Also following some of the really great sustainable tourism experts and practitioners on forums like LinkedIn – Vicky Smith from Earth Changers, and Xavier Font from Surrey University, and Professor Willy Legrand, as they are often sharing open source tools and information.
Who is verifying Weeva data?
JC: We support you with education, with goal setting and tools and policies and training materials but at its simplest form Weeva is an impact accounting system. So just like if you are using Xero, if you put rubbish in then you will get rubbish out, until an auditor comes along. So we don’t audit the data but what we can do is use our system to check where the data is looking funny. The Weeva system uses AI and machine learning to identify data that is an outlier, or an obvious duplication, or that doesn’t make sense in terms of your regular trends and it will flag that with our sustainability teams. They will then reach out to property to ask for access to the data to do some investigations. It’s quite difficult to fudge that system but if you are dedicated to fraud then you can!
So if there was a pipe leaking somewhere then Weeva could flag this up?
JC: Exactly. The new version of Weeva AI – launching in March this year – will do that. It will prompt the user if it sees issues in the trend analytics on the system. (Weeva is trialling the beta version of this and this was announced last year at Phocuswright). For now we are doing that with our sustainability team, so they will work with properties to say would you like to go through your data, to help them understand their own data.
What’s happening with your partnership with the Alliance?
JC: The real push over the next year with the Alliance is to harmonise the metrics across the industry between the Sustainable Hospitality Alliance, the GSTC, WTTC and all of the incredible corporates in the private sector, which are doing great work like Travalyst and Expedia and Exodus and the Travel Corporation. There are far more inclusive conversations going on now, which is really heartening, around what is a sensible way to articulate this, to pull this together and to report on it. We are very fragmented as an industry when it comes to sustainability reporting.
Where will Weeva be in 2030? Will it all be AI?
JC: By 2030 we want to make global goals like our biodiversity targets and that we have managed to see a proper downward trend on GHG emissions globally, but we need all industries to come together, not just tourism.
For Weeva we see more AI coming into our product to make it easier. We want Weeva AI to be a sustainability officer in your pocket so the smarter we can get the more we can help. The more we can integrate into smart devices and existing systems the easier we can make it for everyone.
I would like us to be a global movement across the sector where we have everybody doing much better than they were before, and Weeva is a household name, available in many different languages, and everyone is getting into the movement with us.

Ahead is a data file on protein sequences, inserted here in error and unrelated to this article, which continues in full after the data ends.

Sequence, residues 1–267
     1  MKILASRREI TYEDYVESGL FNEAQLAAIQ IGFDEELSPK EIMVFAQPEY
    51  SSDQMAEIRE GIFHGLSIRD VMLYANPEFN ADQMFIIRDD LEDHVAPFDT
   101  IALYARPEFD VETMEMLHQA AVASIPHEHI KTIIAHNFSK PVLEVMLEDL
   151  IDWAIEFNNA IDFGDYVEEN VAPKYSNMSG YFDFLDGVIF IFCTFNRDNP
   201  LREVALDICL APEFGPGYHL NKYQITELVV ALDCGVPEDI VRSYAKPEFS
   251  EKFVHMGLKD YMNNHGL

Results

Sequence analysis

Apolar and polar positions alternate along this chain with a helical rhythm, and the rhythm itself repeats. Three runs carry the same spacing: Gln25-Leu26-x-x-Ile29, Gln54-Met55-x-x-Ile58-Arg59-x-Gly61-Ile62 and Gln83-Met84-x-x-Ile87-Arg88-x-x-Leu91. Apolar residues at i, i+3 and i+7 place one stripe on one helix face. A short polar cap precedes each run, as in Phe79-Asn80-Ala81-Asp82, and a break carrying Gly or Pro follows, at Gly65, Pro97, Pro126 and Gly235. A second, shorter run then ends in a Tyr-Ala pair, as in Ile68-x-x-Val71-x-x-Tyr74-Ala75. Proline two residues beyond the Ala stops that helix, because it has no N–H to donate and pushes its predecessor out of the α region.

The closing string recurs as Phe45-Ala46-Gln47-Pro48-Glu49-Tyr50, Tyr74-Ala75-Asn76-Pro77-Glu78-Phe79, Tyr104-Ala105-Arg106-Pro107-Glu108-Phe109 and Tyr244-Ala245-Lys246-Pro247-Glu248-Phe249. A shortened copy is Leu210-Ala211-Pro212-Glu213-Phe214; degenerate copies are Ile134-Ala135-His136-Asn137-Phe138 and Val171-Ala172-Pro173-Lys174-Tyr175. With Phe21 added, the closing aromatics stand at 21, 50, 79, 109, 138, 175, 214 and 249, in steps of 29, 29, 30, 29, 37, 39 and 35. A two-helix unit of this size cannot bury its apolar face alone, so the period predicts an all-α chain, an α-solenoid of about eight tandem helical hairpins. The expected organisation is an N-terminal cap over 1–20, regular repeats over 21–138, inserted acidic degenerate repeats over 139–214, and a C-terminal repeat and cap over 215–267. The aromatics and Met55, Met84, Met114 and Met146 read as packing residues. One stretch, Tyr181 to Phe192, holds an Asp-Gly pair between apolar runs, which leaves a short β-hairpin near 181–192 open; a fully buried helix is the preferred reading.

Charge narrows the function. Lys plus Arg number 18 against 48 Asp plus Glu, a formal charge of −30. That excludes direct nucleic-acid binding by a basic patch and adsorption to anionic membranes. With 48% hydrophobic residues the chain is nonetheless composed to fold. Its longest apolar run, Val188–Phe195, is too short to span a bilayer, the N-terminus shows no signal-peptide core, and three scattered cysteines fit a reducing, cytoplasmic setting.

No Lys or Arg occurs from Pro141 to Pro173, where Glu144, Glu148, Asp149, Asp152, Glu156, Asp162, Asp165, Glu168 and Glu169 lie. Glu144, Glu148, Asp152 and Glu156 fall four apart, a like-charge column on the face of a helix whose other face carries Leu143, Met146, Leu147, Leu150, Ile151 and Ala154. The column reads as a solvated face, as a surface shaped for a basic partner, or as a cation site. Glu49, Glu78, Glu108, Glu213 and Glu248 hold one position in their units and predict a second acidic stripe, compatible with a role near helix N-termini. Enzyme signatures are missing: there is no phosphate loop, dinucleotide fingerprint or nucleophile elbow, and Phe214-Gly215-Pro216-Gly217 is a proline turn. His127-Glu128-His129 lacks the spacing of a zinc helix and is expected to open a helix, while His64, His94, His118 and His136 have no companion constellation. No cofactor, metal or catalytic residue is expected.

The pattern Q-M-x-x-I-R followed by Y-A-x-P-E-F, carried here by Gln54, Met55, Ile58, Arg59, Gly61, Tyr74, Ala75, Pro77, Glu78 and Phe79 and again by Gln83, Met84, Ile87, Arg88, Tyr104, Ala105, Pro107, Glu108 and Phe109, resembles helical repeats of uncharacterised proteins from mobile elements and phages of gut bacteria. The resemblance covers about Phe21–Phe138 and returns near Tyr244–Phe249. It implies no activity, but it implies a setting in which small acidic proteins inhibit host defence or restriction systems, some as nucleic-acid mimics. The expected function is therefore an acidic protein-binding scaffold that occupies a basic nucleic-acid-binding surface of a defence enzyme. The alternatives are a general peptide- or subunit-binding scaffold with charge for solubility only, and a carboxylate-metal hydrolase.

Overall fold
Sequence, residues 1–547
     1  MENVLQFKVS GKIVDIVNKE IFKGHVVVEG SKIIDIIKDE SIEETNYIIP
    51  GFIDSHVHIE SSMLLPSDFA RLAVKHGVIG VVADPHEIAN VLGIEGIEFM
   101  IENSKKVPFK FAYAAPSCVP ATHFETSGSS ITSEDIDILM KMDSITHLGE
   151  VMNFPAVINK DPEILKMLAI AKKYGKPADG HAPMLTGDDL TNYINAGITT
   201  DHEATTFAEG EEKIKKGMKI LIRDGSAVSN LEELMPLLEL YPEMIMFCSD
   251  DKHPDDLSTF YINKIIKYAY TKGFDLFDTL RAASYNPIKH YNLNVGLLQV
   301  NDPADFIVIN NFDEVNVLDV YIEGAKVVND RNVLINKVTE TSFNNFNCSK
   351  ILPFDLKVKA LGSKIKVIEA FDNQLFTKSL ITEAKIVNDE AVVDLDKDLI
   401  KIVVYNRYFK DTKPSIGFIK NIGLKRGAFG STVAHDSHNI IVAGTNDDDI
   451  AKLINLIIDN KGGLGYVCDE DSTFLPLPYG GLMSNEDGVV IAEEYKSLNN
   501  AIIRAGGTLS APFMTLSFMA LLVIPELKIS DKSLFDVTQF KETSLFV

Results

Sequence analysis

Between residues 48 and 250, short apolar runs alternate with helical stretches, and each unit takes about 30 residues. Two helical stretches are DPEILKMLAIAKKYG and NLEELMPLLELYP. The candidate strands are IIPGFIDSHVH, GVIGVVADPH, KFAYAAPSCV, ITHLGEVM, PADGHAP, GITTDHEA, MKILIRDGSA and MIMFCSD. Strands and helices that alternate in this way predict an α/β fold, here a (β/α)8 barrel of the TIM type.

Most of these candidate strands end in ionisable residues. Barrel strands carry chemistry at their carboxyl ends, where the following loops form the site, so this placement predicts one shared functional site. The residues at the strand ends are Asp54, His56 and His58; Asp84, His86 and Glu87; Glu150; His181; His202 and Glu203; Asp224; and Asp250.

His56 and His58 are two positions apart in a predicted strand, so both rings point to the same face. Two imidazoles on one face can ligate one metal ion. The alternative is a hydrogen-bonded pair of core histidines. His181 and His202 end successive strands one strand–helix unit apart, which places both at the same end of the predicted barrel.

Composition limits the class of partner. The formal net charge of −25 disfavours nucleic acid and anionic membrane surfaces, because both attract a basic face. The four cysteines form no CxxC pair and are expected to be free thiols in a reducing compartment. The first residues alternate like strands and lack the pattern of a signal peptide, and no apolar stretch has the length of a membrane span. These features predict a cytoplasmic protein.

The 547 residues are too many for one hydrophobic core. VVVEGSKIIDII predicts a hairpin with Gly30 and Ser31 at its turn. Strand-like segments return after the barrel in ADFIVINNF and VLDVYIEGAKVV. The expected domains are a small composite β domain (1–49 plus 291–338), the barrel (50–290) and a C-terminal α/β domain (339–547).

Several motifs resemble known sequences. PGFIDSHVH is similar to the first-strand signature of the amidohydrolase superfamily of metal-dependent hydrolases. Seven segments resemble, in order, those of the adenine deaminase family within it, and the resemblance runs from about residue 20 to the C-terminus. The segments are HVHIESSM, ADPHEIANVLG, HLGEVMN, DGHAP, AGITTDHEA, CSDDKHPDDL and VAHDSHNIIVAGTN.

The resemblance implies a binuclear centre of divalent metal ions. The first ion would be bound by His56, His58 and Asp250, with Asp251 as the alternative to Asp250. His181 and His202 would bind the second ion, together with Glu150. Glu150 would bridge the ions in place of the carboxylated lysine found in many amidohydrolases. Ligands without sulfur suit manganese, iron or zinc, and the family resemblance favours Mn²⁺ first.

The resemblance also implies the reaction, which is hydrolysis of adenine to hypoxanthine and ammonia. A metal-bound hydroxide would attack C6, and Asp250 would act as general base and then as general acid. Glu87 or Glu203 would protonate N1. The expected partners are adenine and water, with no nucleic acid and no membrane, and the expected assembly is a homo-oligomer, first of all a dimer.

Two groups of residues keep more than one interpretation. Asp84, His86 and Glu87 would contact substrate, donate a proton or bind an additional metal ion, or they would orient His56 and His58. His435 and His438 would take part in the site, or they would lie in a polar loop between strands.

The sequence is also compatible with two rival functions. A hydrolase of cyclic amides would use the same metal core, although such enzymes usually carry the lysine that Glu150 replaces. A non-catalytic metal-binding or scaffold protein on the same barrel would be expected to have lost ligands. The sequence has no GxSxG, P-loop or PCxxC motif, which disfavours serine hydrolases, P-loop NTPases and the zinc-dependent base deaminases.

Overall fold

At the moment everyone is using the hotel version of Weeva and we are introducing new metrics to compensate or allow for other players within the sector, but I’d love to have very specific versions for each of the verticals (bespoke products available for tour operators, restaurants and airlines).
And how are you going to stay ahead of your competitors?
JC: I want us to be the most accessible, the most accurate and the best, but I also feel like it’s such an urgent imperative that it’s better to work together than to compete. We’ve had a few conversations with BeCause already to see how we can work together with our data ingestion and with their certification alliance, so I think it’s about looking for how you can work smarter together, rather than competing with one another.
So there is room for more?
JC: Absolutely, and really staying on top of technology that is the key to see what it is unlocking next. We have to be on that road and keep it moving really fast and our CTO James Lever is based in the UK and has done a lot of work with airlines and OTAs, and he is tasked sitting in the right rooms where the most interesting conversations are happening and the most innovative technology is being showcased, so that we can stay ahead and make it the best it can possibly be.
Sustainability is an ever evolving journey – all the time methodology is getting better, data is more accurate, and new regulations are coming in, so it’s about being as transparent as you possibly can, and setting stretch targets for yourself.
You can measure, but you need to improve. I’d love to see people using their data to really make those changes.